These three charts mean more for the market than Trump
By Dr. David Eifrig, Editor, Retirement Trader:
Trading and investing based on politics is a great way to lose money.
If you doubt that, look no further than last month’s election.
“Experts” everywhere had promised for weeks that even if Trump somehow won, the market would tank.
International markets fell hard overnight, but by morning, all was calm. The overall stock market closed within a hair of its all-time high.
Now, we’re left trying to figure out how the economy will react to a president who has been notably vague on actual policy plans. That’s not investing, or even trading… That’s guesswork.
So what should we do now? Well, we can look past the political circus and get back to business. Today, we’ll take a quick look at the state of the economy – and then see what that will do to the financial markets…
Oftentimes, the broadest and simplest economic stats can give you a powerful picture of the economy in just a few seconds.
For example, gross domestic product (GDP) growth measures the economy as a whole. Its quarter-to-quarter fluctuations are cited reverentially in the financial press, but they’re mostly meaningless. What’s important is that its overall trend over the past six years has remained positive and strong.
But… in the most recent quarter, real GDP grew at an annual rate of 2.9%. That’s more than double the previous quarter. That’s significant.
The reasons for the surge were important. Private inventory investment rose – meaning businesses were stocking up on goods that they expect they’ll be able to sell. Exports picked up. Meanwhile, the results from the previous quarter were revised upward thanks to a big swing in nonresidential private investment.
Even if you’re not interested in digging into the details, it’s plain to see that despite any politician’s claim of a stagnant economy, we’ve seen many quarters of rising growth.
Next up, inflation statistics…
We know that inflation eats away at our purchasing power. That’s bad. At the same time, the presence of inflation signals a growing economy… If people are spending and buying things, they can drive the price up. You can call this “demand pull” inflation.
Just like Goldilocks, we’re looking for a happy middle. Ideally, an inflation rate of 2% is generally considered an indicator of economic growth. It helps us maintain reasonable purchasing power while giving us a cushion to avoid deflation.
Today, inflation is ticking up, indicating growth. But it’s still far from being something to worry about. Whether you use the Consumer Price Index (CPI) or the Federal Reserve’s preferred measure, personal consumption expenditures (PCE), inflation checks in somewhere between 1% and 2% right now.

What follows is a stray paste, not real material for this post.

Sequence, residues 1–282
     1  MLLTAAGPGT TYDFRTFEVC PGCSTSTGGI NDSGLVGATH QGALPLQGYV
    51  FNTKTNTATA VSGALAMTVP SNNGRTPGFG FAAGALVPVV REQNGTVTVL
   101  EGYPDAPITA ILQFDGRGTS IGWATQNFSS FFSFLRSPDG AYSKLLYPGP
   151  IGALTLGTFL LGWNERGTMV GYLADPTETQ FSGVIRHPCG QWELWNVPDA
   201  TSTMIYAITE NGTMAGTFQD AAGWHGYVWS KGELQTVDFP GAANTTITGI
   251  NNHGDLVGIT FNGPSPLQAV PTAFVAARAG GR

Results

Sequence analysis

If you’re looking for a sign of a healthy but not overheated economy, you can’t do much better.
Finally, by looking at what manufacturers are doing, you can get an idea of what’s next for the economy.
The ISM Purchasing Managers Index (PMI) tracks the sentiment of manufacturers. When the reading is above 50%, manufacturers are optimistic. Below 50%, they are pessimistic.
Optimistic manufacturers are usually looking to expand their operations. They invest in their businesses to take advantage of willing customers and good business conditions. More than any presidential plan, that’s what drives the economy.
Today, the PMI is just over 53%, which is a good sign. As you can see from the following chart, the PMI does a good job of predicting where GDP will go. It leads the GDP numbers by just a little bit.
While the economy does drive the market over the long term, the two elements can move separately at times. So let’s check in on stocks…
The market’s positive reaction to Trump’s election tells us a lot.
First, investors aren’t afraid of risk. Ever since the 2008 financial crisis, shifts in investors’ “risk tolerance” have played a big role in the market’s direction.
At times, investors flee from anything with a hint of risk – dumping stocks and high-yield bonds and moving to government bonds, gold, and cash. At other times, they load up on anything promising big returns. Taking advantage of these shifts is sometimes called the “risk on/risk off” trade.
Today, stocks are rising, even risky ones. High-yield bonds saw major inflows – the iShares iBoxx High Yield Corporate Bond Fund (HYG) set a record by collecting about $700 million in new assets just two days after the election.
Trillions of dollars of cash are still on the sidelines, sitting in safe bonds with low and negative yields. With appetite for risk rising, that money could drive the market higher.
Ultimately, the stock market will survive. Focusing on high-quality, cash-generating businesses is still a great way to make money today.
Here’s to our health, wealth, and a great retirement,
Dr. David Eifrig
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